To combat obesity, the top preventable cause of death in the United States, approximately 250,000 Americans will have bariatric weight loss surgery this year. This treatment will alter the digestive system in such a drastic way that patients lose a large amount of weight in a short period of time. Somewhat later, when they begin to acquire weight again, these individuals mistakenly believe that the weight loss surgery was unsuccessful. Most patients’ post-op weight gain is attributable to their ingestion of slurry food, despite the fact that this is something they were never told about before surgery.
Commonly known as slider food, slurry food is a watery liquid food solution comprising basic processed carbohydrates with minimal nutritional content. Sugar-free cookies, cakes, and sweets are common sources, as are crackers, pretzels, cracker snacks, popcorn, cheese snacks, potato chips, or tortilla chips. Foods are masticated and washed down with liquids before being deposited into the surgical stomach pouch, where they are churned by the gastric muscles and then passed on to the intestines, where they are swiftly absorbed, digested, and stored as fat. Intense consumption of slurry food can lead to weight gain for patients who have had any of the bariatric weight loss operations, including gastric bypass, adjustable gastric banding (lap-band), and gastric sleeve.
Before having bariatric surgery, patients are educated on the “Four Rules of Surgery” by their surgeon. In a nutshell, the Four Rules call for regular exercise, a high-protein diet, lots of water, and no between-meal snacks. While the benefits of a high-protein diet and abstaining from snacks are more obvious, the link between munching on empty-calorie carbohydrate items and subsequent weight gain is not mentioned. Many bariatric treatments hinder a patient’s ability to absorb nutrients from meals, preventing the body from storing excess fat, and so causing weight loss.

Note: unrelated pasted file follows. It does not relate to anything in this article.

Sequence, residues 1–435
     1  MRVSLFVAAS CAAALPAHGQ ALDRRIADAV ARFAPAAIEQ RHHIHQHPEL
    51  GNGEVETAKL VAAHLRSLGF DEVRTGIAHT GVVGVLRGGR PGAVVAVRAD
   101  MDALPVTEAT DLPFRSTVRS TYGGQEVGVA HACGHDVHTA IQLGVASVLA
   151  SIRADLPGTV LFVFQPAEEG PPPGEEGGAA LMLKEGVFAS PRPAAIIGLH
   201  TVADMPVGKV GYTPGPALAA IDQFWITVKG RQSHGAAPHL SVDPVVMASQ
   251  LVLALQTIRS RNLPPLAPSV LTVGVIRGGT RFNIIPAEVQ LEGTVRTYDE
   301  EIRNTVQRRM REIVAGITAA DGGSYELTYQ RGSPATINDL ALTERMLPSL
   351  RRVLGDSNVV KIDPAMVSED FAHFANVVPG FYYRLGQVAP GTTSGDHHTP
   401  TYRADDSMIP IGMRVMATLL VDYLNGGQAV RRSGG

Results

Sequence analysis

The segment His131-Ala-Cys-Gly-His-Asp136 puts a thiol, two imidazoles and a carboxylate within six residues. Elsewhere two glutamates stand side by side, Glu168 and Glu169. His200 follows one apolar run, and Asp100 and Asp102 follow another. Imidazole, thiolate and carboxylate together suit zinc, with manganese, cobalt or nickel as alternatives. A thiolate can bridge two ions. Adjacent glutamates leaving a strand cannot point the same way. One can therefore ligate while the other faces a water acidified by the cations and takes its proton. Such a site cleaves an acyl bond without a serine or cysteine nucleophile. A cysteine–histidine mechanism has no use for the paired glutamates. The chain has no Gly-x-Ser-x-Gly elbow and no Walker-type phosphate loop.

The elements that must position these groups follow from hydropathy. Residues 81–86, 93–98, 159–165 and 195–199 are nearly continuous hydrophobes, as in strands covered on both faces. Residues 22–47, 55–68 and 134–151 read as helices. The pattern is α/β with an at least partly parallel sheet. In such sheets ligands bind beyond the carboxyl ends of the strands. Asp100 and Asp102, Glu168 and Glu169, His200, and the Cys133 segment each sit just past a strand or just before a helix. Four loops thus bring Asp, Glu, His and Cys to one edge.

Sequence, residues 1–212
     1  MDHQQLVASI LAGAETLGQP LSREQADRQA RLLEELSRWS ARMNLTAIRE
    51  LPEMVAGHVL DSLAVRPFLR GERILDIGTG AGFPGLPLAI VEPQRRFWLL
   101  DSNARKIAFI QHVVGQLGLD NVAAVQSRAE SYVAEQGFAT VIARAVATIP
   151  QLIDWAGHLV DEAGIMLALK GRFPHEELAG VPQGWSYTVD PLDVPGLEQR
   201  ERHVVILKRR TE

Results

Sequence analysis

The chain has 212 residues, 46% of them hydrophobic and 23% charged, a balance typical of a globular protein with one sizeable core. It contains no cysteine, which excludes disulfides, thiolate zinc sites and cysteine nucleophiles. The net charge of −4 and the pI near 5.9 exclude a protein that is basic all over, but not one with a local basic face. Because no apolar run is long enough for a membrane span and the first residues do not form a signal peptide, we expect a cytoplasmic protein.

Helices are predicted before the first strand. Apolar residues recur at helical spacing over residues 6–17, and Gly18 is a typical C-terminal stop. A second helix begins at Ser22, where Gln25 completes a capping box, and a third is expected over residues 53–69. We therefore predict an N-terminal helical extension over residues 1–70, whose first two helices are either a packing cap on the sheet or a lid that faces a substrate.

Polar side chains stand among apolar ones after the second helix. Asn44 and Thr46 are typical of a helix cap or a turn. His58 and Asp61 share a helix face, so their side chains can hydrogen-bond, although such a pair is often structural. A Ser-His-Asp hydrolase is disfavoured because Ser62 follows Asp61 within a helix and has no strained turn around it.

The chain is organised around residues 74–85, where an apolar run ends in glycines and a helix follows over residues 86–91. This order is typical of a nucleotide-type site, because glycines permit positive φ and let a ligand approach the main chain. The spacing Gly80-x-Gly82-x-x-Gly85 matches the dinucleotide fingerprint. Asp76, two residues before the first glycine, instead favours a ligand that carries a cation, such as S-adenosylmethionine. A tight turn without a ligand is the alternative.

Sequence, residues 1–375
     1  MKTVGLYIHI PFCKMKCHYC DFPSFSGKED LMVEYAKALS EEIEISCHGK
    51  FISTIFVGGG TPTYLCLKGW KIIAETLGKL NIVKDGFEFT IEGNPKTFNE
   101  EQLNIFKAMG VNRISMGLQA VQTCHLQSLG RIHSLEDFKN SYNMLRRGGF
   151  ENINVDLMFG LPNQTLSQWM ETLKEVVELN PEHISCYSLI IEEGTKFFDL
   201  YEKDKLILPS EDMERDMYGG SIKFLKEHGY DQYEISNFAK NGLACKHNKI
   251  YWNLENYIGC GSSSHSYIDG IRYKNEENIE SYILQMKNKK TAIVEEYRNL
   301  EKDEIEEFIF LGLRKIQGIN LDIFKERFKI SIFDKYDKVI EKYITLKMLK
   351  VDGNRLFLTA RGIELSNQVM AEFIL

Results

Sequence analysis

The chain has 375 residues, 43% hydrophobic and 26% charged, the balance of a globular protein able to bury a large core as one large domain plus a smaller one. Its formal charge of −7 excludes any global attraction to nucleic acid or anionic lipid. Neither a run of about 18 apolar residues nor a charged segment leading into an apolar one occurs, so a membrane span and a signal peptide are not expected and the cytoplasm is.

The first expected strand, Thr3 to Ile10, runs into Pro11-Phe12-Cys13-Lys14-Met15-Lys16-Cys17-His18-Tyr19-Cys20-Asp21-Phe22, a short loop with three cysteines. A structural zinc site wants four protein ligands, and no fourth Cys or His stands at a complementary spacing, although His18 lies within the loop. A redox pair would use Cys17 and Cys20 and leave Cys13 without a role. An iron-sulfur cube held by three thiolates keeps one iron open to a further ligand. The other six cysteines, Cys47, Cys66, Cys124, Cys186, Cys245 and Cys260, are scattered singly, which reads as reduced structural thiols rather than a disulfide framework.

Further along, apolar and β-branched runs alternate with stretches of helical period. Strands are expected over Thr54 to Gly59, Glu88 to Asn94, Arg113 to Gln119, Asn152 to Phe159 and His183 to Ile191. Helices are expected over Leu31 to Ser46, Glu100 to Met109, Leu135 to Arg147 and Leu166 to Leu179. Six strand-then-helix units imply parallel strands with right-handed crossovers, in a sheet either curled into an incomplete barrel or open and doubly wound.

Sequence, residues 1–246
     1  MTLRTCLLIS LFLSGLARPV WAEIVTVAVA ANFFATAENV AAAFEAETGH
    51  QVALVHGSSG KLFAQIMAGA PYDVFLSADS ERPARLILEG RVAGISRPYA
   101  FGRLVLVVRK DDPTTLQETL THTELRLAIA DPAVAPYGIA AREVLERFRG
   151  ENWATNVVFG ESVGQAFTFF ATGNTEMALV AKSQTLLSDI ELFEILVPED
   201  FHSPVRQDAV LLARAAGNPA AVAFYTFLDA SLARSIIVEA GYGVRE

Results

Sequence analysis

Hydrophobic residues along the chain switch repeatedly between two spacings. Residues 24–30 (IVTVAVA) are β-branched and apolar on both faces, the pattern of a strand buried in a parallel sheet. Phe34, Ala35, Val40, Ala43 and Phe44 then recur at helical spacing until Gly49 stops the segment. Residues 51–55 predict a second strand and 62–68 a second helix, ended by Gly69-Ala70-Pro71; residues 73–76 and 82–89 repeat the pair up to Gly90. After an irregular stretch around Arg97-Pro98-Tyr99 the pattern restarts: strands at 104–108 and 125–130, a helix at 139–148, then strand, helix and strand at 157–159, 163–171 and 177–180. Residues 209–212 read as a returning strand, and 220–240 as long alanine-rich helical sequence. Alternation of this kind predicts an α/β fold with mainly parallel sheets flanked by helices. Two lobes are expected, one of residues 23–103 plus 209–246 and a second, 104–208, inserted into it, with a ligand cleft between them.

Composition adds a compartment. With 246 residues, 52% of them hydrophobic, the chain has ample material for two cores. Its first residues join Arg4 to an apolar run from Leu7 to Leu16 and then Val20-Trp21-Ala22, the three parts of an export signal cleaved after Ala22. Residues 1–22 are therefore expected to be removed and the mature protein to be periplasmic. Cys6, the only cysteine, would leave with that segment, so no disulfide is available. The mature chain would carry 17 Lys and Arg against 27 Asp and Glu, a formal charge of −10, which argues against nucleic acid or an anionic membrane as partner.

It is the nature of the surgical gastric pouch to generate a tight confined feeling after a tiny amount of solid food has been taken, however many bariatric patients report that this feeling is uncomfortable Slider Foods After Gastric Sleeve Surgery. This is a sign to the patient to quit eating. Many people who experience this discomfort seek relief by eating softer, processed, simple carbs or junk food that may be easily diluted with beverages. Patients never have the unpleasant sensation of being constricted, and they are free to consume as much as they like. They quickly stop losing weight and start putting it back on.
Many people who have had a stomach pouch placed during surgery attribute their symptoms to the pouch becoming stretched out or no longer functioning properly. Patients who switch back to a lean protein diet and abstain from drinking liquids while eating will rapidly learn that the painful pouch limitation still occurs, resulting in feelings of fullness on very little portions of food. If you stick to your high-protein diet, you will start losing weight again.
Protein may not be the best option for post-bariatric surgery individuals due to the tightness that can be felt after eating. However, a high-protein diet devoid of simple processed carbs must be adhered to continuously for bariatric surgery to perform successfully and sustain long-term ideal weight loss and weight maintenance.